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Château de Brézé has a long and storied history, first being mentioned in texts in 1068, lauded by King René of Anjou in the 15th century and served at all the royal courts. In 1957, when the AOC of Saumur Champigny was established, the owner of Château de Brézé refused to be part of the appellation, saying that his estate's vineyards were the best and deserved an appellation all their own. And he was probably right. Unfortunately, the wines from those exceptional vineyards were terrible. Lucky for us, the winery sold in 2009 to Le Comte de Colbert, who recruited Arnaud Lambert from nearby Domaine de Saint Just to make the wine. He changed the vineyards over to organic farming and began producing truly stellar wines worthy of their source. The 2012 Château de Brézé Clos David is all estate-grown Chenin Blanc raised in stainless steel to preserve freshness. It has the slightly-oxidized note of a great White Burgundy and a lovely richness that allows it to pair with a variety of foods.

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Wednesday
Sep292010

Wine Wednesday: 2008 McKinlay Willamette Valley Pinot Noir

Matt Kinne looking out over his vineyards.

"Decent wine needs to be affordable," says Matt Kinne, the bearded, soft-spoken sage of McKinlay Vineyards in the Willamette Valley. "Then wine will have a chance to surpass Budweiser as the national beverage."  Of course, it also has to be good. Kinne's 2008 McKinlay Willamette Valley Pinot Noir ($16.99) is both. Made from entirely estate-grown fruit on jory and nekiah (igneous volcanic) soils at a combination of three small vineyards near his home.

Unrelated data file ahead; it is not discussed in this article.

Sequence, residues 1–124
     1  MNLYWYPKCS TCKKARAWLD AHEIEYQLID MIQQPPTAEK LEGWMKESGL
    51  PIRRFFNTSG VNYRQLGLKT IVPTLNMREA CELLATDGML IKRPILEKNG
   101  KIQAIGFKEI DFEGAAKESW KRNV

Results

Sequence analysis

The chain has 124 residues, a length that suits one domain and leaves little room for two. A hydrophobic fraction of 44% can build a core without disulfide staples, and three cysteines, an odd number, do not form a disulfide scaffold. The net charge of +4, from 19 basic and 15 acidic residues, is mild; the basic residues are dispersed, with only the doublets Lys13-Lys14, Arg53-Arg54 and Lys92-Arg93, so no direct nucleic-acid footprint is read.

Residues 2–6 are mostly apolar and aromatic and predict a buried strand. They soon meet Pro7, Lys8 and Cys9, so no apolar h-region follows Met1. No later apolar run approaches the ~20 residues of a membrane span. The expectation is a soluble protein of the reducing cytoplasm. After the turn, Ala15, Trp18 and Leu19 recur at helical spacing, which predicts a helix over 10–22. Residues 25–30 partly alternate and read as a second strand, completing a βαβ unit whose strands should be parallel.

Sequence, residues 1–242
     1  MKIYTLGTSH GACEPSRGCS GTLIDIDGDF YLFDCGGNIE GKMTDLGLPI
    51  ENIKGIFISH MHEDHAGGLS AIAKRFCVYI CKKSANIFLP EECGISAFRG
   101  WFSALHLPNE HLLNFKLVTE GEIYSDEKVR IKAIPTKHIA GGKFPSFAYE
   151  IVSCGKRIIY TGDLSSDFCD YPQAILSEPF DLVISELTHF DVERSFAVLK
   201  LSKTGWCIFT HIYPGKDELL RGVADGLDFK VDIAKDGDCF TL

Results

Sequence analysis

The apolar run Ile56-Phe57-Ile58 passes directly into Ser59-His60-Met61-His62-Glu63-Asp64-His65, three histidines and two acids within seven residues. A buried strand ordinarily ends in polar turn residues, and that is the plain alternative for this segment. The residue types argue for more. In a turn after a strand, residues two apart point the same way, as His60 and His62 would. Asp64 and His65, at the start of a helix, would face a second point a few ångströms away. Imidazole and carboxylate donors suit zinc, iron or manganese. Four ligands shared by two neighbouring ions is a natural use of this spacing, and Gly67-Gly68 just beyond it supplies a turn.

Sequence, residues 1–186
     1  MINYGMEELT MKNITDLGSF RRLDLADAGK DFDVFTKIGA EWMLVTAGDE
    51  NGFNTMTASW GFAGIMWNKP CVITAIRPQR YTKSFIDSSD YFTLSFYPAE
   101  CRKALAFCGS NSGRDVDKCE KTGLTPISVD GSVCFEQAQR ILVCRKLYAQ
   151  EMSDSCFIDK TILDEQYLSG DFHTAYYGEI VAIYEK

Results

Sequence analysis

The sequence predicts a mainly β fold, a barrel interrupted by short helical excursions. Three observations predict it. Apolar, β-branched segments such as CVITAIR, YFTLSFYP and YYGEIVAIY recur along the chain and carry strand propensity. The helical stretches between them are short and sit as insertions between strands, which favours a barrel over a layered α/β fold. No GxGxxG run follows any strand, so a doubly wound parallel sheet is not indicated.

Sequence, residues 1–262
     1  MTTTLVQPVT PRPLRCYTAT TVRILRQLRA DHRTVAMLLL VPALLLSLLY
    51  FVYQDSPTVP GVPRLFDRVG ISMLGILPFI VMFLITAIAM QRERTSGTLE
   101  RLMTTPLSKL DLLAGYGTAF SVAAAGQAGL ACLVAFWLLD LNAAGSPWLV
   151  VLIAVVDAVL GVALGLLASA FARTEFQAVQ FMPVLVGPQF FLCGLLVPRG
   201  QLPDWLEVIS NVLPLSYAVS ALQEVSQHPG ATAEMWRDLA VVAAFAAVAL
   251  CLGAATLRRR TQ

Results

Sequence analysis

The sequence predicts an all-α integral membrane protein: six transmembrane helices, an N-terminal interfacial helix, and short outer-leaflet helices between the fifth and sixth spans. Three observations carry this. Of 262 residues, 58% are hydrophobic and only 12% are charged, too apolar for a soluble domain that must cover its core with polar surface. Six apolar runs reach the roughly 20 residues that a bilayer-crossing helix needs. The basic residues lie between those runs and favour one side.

Of course, you've probably never heard of McKinlay since Matt prefers to stick close to home tending his vines (as well as some goats and pigs) rather than run around the country marketing his wine. And he only makes between 2,500 and 3,200 cases per year, split between the Willamette bottling and smaller lots of single-vineyard and Reserve wines that sell out very quickly. 

The 2008 vintage was exceptional in the Willamette Valley and this wine certainly belies its modest price. More elegant than most Pinot Noirs under $20, it leans toward brighter, almost filigreed raspberry fruit, with an undercurrent of sweet cherry and a vein of minerals flecked with spice. The tannins are soft and focused, and there is plenty of juicy acidity to help it pair with almost anything you can cook up, including Matt's wife Holly's delicious seafood chowder. Unfortuantely, supplies are limited, but the riper, more forward '09s (which I recently tasted out of barrel) will be blended, bottled and released soon.

Want to learn more about Matt Kinne and McKinlay Vineyards? Check back soon for a video interview.

Leah Greenstein

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Reader Comments (1)

Yes, this man IS Zak G. Or should be played by him.

I seriously do hope that wine surpasses Budweiser. I think the world would be a much more lovely place if that became true.
October 2, 2010 | Unregistered CommenterBrooke@Foodwoolf

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